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Kind heads win loyalty of staff

HEADTEACHERS who are kind and supportive, praise staff and talk nicely to them can find their efforts repaid with the loyalty of teachers, research shows.

The study of more than 2,800 teachers in seven education authorities says schools can make a difference in retaining staff, even in areas of high turnover. However, no single initiative on retention is effective on its own, said researchers Jacinta Dalgety, Merryn Hutchings and Alistair Ross, from London Metropolitan University.

They looked at what made teachers stay in their jobs, even in high-cost areas such as London.

Good colleagues were the biggest incentive to stay in a school, teachers said. School ethos, convenience of travel to work, the quality of staff relations, and line managers were the next most important factors.

When asked directly about school management, 87 per cent said the most important quality for a manager was to be able to communicate effectively with their staff, followed by being supportive (70 per cent), approachable (65 per cent), and fair and consistent (59 per cent).

Less than half of respondents cited effective behaviour and pay policies as critical to retention, although these were of greater concern to secondary teachers.

Teachers said managers should recognise them as individuals, value their contribution, be more understanding of personal circumstances such as family commitments and give credit for extra (voluntary) work.

One admitted taking a pay cut to work in a school with "exceptionally good management (the best!)".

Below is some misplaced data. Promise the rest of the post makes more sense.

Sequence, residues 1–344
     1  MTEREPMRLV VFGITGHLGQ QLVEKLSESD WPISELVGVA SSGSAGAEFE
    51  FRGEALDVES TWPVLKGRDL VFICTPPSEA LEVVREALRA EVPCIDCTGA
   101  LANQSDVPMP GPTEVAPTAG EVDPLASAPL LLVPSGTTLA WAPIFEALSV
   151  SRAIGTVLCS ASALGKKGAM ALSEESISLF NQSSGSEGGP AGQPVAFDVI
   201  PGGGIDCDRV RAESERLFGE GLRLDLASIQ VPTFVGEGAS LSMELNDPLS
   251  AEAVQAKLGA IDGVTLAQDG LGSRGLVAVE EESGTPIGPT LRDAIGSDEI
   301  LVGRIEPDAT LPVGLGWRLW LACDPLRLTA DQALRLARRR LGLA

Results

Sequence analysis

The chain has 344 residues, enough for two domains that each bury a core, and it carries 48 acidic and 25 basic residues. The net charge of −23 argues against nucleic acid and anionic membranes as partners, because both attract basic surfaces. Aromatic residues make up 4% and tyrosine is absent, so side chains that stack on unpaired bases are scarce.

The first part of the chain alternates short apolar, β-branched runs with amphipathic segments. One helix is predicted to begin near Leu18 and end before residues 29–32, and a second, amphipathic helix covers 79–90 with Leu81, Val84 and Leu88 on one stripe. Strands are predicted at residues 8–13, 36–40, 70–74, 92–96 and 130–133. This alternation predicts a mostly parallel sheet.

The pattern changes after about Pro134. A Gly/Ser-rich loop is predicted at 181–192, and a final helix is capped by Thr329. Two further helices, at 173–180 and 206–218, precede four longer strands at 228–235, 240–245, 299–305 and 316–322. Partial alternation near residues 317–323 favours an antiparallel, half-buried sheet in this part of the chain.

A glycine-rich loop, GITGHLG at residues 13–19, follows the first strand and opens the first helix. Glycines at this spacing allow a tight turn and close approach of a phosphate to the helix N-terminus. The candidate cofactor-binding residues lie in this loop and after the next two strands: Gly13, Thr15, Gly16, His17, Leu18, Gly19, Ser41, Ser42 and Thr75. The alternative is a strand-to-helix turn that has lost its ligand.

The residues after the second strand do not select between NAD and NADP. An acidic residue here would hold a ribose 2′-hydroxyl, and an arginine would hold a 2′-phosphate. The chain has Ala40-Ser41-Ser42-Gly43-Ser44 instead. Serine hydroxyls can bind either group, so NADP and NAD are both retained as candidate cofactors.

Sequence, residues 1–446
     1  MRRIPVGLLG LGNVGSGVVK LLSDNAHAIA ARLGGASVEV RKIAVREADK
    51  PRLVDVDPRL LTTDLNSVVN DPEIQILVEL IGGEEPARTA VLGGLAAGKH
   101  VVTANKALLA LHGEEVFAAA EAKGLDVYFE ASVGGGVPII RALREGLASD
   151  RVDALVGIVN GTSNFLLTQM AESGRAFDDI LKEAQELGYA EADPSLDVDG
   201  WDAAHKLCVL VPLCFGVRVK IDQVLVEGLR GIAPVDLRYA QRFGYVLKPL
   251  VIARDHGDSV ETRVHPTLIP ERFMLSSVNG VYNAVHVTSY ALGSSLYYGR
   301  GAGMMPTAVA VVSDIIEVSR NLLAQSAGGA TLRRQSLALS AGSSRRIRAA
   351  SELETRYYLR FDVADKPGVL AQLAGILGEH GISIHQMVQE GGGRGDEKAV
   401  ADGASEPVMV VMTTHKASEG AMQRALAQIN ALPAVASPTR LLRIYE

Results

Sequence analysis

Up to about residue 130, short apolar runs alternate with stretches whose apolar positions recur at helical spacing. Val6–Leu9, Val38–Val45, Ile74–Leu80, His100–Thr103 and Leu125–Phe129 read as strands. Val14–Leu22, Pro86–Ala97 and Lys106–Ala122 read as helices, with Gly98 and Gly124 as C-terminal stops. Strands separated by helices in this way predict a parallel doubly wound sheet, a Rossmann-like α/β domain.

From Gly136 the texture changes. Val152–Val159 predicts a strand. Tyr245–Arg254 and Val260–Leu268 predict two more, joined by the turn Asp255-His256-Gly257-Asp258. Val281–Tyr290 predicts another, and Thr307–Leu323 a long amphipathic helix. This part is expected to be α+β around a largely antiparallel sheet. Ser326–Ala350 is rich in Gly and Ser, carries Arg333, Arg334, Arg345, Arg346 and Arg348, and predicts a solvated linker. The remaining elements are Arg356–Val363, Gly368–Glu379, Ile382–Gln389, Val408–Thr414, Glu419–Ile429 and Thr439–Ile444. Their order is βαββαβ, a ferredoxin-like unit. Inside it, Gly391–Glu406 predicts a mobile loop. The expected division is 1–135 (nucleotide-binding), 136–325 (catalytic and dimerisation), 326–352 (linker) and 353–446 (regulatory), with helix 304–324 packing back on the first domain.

There was a clear awareness of what was beyond the control of school leaders. "(Governors and the head) already attend to matters such as good staff relations, support etc. We are under-staffed and stressed. The issue is funding salaries," said another.

Angeles Walford, head of Priory Church of England primary, in Merton, south London, said supportive management was important. But, even if this were in place, she said there was no escaping the impact of high housing costs.

"New teachers want the experience of living and working in London, and will stay for two years. But after that, they want to own something, and it's impossible to get on the property ladder - even with the new pay scales for London," she said.


On a scale of 1 to 5, where 1 is a strong incentive to remain

Colleagues 1.5

School ethos 1.8

Travel convenience 2.1

Staff relations 2.1

Yeardepartment managers 2.1

Support staff 2.1

School reputation 2.1

Senior management 2.2

Behaviour policy 2.2

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